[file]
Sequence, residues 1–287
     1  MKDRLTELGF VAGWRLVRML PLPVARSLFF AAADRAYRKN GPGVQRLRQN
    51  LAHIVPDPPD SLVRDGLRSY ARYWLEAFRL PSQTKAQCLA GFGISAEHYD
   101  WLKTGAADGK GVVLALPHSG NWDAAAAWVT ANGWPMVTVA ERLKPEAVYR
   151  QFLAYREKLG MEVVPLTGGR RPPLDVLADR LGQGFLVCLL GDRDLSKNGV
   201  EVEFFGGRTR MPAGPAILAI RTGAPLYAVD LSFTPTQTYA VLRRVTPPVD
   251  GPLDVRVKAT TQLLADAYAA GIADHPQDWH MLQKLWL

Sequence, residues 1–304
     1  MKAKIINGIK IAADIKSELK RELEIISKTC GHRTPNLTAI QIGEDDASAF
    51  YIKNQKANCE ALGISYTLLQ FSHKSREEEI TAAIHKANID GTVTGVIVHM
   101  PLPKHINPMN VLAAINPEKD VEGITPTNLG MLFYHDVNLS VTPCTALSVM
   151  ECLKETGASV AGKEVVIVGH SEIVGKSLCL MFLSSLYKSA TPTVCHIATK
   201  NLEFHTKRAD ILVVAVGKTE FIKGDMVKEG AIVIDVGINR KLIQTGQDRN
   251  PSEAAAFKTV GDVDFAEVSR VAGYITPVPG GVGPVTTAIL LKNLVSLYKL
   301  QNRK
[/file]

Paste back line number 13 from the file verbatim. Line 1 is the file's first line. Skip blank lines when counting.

   201  NLEFHTKRAD ILVVAVGKTE FIKGDMVKEG AIVIDVGINR KLIQTGQDRN